UPSTATE CORPORATION 52 v. REALTY CORPORATION

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M & P UPSTATE CORPORATION, Doing Business as 52 Pickup Mobil, Respondent, v. D.R.S.R. REALTY CORPORATION, Appellant.

Decided: November 27, 2013

Before: ROSE, J.P., LAHTINEN, GARRY and EGAN JR., JJ. Kenneth J. Gorman, PC, New York City (Kenneth J. Gorman of counsel), for appellant. Mark P. Cambareri, Ferndale, for respondent.

Appeal from a judgment of the Supreme Court (LaBuda, J.), entered February 23, 2012 in Sullivan County, which granted plaintiff's motion for summary judgment.

Defendant owns real property in the Town of Liberty, Sullivan County on which a gas station, convenience store, pizzeria and other commercial space are located. In 2006, defendant sold plaintiff the gas station and convenience store businesses and also leased the premises for those businesses to plaintiff. The 10–year lease, with renewal option, was comprised of a form lease and rider thereto that specifically prevailed in the event of a conflict with the form lease. In 2010, plaintiff commenced this action alleging breaches of various provisions of the lease and seeking monetary damages as well as counsel fees. Following some disclosure, plaintiff moved for summary judgment. Supreme Court granted plaintiff's motion in a decision and order that awarded plaintiff $10,446.75 on its first cause of action, $1,975.72 on the second cause of action, $4,738.36 on the third cause of action, $6,480 on the fourth cause of action, and counsel fees of $12,250 plus disbursements. Supreme Court also directed defendant to install a new septic system. Judgment was entered on the order and defendant appeals.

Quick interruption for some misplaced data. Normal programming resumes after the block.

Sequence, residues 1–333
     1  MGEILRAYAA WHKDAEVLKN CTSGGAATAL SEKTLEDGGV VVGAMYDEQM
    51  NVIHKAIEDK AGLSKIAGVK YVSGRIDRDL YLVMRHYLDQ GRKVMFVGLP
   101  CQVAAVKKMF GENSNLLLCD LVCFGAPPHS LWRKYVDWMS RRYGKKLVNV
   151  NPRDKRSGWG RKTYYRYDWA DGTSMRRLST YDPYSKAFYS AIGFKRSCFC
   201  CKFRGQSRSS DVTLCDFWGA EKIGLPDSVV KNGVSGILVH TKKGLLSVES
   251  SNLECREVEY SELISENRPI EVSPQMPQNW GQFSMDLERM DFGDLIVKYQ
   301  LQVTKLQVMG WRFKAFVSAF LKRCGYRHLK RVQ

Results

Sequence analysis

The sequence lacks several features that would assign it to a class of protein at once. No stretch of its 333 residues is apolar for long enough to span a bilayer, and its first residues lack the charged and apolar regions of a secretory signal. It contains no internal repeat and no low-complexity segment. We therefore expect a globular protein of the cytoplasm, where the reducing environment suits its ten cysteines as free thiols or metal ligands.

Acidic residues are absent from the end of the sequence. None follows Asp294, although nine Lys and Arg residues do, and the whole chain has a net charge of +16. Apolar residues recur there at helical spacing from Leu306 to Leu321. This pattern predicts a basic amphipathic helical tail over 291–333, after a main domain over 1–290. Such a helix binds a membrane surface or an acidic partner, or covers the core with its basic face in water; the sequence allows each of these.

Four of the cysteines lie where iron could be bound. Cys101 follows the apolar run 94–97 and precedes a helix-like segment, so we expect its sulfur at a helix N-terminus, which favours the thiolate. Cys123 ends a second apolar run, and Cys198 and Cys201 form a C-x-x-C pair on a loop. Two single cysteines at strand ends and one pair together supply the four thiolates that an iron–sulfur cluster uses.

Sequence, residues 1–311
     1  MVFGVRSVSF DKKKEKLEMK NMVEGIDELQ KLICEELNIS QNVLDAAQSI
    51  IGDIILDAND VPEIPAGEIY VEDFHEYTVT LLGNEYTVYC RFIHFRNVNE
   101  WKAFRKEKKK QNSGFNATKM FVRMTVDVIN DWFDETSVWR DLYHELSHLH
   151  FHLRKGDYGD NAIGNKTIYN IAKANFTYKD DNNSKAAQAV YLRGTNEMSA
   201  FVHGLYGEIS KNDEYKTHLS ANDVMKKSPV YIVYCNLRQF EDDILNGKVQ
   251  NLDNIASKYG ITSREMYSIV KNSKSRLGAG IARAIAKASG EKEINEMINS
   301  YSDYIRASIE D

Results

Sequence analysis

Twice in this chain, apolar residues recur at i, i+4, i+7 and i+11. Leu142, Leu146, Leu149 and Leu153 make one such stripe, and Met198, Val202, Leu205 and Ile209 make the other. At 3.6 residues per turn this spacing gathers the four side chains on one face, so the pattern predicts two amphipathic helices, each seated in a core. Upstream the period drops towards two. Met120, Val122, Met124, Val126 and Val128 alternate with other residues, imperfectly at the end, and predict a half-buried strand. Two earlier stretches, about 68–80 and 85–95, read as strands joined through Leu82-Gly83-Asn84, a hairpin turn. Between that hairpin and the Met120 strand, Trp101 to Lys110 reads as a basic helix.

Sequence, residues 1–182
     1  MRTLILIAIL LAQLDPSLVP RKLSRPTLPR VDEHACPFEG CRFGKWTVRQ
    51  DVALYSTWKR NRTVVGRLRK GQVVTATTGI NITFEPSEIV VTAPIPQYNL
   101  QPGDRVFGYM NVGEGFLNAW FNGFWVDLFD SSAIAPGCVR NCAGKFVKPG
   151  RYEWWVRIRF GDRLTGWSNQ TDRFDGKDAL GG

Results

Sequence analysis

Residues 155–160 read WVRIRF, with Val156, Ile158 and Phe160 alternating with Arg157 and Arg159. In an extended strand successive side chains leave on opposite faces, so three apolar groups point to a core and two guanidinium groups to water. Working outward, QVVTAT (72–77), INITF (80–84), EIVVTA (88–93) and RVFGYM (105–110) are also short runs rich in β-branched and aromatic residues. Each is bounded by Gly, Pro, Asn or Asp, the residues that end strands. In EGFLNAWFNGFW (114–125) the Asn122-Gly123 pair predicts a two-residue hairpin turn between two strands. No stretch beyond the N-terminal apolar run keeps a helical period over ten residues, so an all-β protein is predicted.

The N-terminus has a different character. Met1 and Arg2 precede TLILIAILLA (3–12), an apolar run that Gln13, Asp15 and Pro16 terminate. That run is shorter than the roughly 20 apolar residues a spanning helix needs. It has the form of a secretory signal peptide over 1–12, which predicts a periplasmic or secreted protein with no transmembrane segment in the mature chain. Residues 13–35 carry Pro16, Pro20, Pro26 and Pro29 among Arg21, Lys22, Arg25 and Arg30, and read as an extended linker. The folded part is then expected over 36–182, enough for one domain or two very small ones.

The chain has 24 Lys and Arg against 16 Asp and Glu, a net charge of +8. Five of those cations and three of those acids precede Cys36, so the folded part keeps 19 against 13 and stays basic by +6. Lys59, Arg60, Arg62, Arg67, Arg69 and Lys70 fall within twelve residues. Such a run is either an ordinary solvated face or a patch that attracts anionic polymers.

“Interpretation of a written agreement requires us to determine the parties' intent as derived from the language of the instrument, with the words and phrases employed given their plain meaning” (Accurate Realty, LLC v. Donadio, 80 AD3d 1041, 1041 [2011] [citations omitted], lv dismissed 17 NY3d 844 [2011], lv denied 21 NY3d 858 [2013]; see MHR Capital Partners LP v. Presstek, Inc., 12 NY3d 640, 645 [2009] ). “[A] contract should be ‘read as a whole, and every part will be interpreted with reference to the whole; and if possible it will be so interpreted as to give effect to its general purpose’ “ (Beal Sav. Bank v. Sommer, 8 NY3d 318, 324–325 [2007], quoting Matter of Westmoreland Coal Co. v. Entech, Inc., 100 N.Y.2d 352, 358 [2003]; see W.W.W. Assoc. v. Giancontieri, 77 N.Y.2d 157, 162–163 [1990] ). In the procedural context of a summary judgment motion, facts are viewed in the light most favorable to the nonmovant (see e.g. U.W. Marx, Inc. v. Koko Contr., Inc., 97 AD3d 893, 894 [2012] ).

Plaintiff's first cause of action sought reimbursement of all expenses it had incurred in maintaining the septic system. In paragraph R–8 of the rider, defendant acknowledged that the septic system was inadequate and needed reconstruction, agreed to obtain municipal approvals and complete reconstruction, and provided that it remained responsible to maintain and expand the system. It is undisputed that the septic system has not been reconstructed. Defendant, however, contends that it has spent a significant amount of money in engineering costs and attempting to get municipal approval, but has been unable to obtain necessary approval. In the meantime, plaintiff has incurred considerable costs as a result of having to pump out the system frequently and repeatedly.

We reject defendant's contention that it is not responsible for the pumping and other costs incurred by plaintiff in keeping useable the otherwise inadequate septic system. The agreement acknowledged the deficient nature of the system, defendant agreed to replace it, defendant failed to do so, and plaintiff undisputedly incurred extra costs in attempting to operate its business with the inadequate system. Defendant's assertion that plaintiff's use on the premises of a washing machine-which defendant apparently sold to plaintiff-reduces or relieves its responsibility regarding the septic system because it adds unnecessary water to the system is without merit. The award of monetary damages on the first cause of action was proper.